‘Orange Is the New Black’ Tackles ICE Detention Centers and Immigration in Final Season


After seven successful seasons on Netflix, Orange Is the New Black is wrapping up with a binge-worthy final season focusing on immigration and immigrant detention centers. In season 7, OITNB doesn’t shy away from showcasing the inhumane treatment of women in detention centers through two of its core characters.

In case you missed it, in the season six finale, Dominicana Blanca Flores (played by actress Laura Gómez) was seemingly being released from Litchfield maximum security prison – along with Piper (Taylor Schilling) – but as soon as she steps foot outside, she’s instantly transferred to an immigrant detention center.

WARNING: This story contains spoilers 

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The final season picks up with Flores in Litchfield’s U.S. Immigration and Customs Enforcement (ICE) detention center. Throughout the series, we learn that Flores has been transferred to numerous detention centers, hasn’t been able to reach her fiancé to update him on her whereabouts and vice versa, and she doesn’t have a lawyer to help with her case.

Gómez spoke to Pop Culture about the final season of OITNB and of her character’s harrowing immigration storyline. She said it was “heartbreaking, but also humanizing.”

Throughout the season, Flores becomes friends with another detainee Carla, who is waiting to be reunited with her two children. During the series finale, Flores can be seen celebrating with her lawyer once she realizes she’s obtained her green card once again and can then be seen traveling to Honduras to reunite with her fiancé who was also detained and deported earlier in the season.

“This is really happening for people and as painful as it was for the audience to see this, and as difficult it was for us to portray it, I always think … but people are actually living through this. Families are actually being separated. Husbands are actually left with flowers waiting for their partner. That never goes out. So I feel like this is why this show is so important,” she adds.
The new for-profit ICE detention center that’s introduced in the show’s last season becomes the place where various storylines develop and where viewers witness the inhumane results of immigrant detention.

“Jenji came in at the beginning of season six stating that one of the clear things she wanted to do was address immigration detention centers — that’s something she was adamant about,” co-executive producer Brian Chamberlayne told The Hollywood Reporter last year referring to show creator Jenji Kohan.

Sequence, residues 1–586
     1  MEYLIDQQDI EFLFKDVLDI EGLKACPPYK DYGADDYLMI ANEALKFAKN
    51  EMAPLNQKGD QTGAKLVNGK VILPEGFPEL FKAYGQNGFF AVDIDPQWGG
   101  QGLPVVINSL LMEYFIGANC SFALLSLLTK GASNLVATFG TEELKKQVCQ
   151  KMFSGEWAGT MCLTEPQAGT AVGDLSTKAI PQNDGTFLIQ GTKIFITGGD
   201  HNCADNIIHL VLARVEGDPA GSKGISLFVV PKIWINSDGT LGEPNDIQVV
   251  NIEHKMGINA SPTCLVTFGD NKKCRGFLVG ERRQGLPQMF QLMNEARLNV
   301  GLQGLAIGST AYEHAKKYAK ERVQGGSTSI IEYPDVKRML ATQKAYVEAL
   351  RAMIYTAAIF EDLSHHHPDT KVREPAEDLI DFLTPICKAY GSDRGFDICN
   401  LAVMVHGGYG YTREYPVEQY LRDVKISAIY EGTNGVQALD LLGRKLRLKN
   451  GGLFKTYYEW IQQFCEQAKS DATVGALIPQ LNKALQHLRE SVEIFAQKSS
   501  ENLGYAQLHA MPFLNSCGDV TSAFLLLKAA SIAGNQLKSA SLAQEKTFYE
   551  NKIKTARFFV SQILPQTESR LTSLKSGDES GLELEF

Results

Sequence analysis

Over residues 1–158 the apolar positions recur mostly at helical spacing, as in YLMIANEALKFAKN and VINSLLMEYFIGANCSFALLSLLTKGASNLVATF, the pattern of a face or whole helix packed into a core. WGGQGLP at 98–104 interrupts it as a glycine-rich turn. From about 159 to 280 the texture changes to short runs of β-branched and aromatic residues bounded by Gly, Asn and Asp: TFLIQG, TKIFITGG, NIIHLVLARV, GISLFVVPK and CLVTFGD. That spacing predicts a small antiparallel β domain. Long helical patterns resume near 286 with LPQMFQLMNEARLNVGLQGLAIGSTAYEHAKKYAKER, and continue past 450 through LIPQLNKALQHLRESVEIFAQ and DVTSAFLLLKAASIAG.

The final season also marks the return of the Colombian actress Diane Guerrero playing the beloved Maritza Ramos, along with other families faces from past seasons. Martiza’s five-episode storyline concludes with Ramos being deported back to Colombia after she finds out that her mother had lied to her about being born in the U.S. Guerrero has also personally been affected by similar experiences. She’s been vocal about her parents’ deportation back to Colombia and living on her own since she was 14-years-old.

“Immigration and detention centers are multiplying in this country and with what we’ve seen at the border and the separation of families and our current administration’s inhumane laws, I thought it was super important to tell this story as Maritza,” Guerrero told The Hollywood Reporter. 

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But the OITNB showrunners aren’t just shining a spotlight on the immigration crisis through the series, they’ve also established The Poussey Washington Fund – named after the beloved character played by Samira Wiley– that’ll allow viewers  to contribute to a GoFundMe/CrowdRise campaign benefiting a number of organizations including: A New Way of Life: Reentry ProjectAnti Recidivism CoalitionCollege & Community Fellowship, Freedom For ImmigrantsImmigrant Defenders Law CenterThe National Council for Incarcerated and Formerly Incarcerated Woman and GirlsunPrison Project and the Women’s Prison Association. All organizations are working toward protecting immigrant rights, ending mass incarceration, and fighting for criminal justice reform and supporting women affected by incarceration.

“It’s something that requires paying attention to, educating yourself about and being proactive. Seeing the most innocent cases, like Maritza’s, or even cases where there is some sort of criminality happening, this system isn’t working for anyone,” Guerrero told The Hollywood Reporter. “I hope this brings some light to that and that people can have a clear understanding of what the immigration system looks like in this country, acknowledge it is broken and know that they have a huge responsibility in helping to fix it.”

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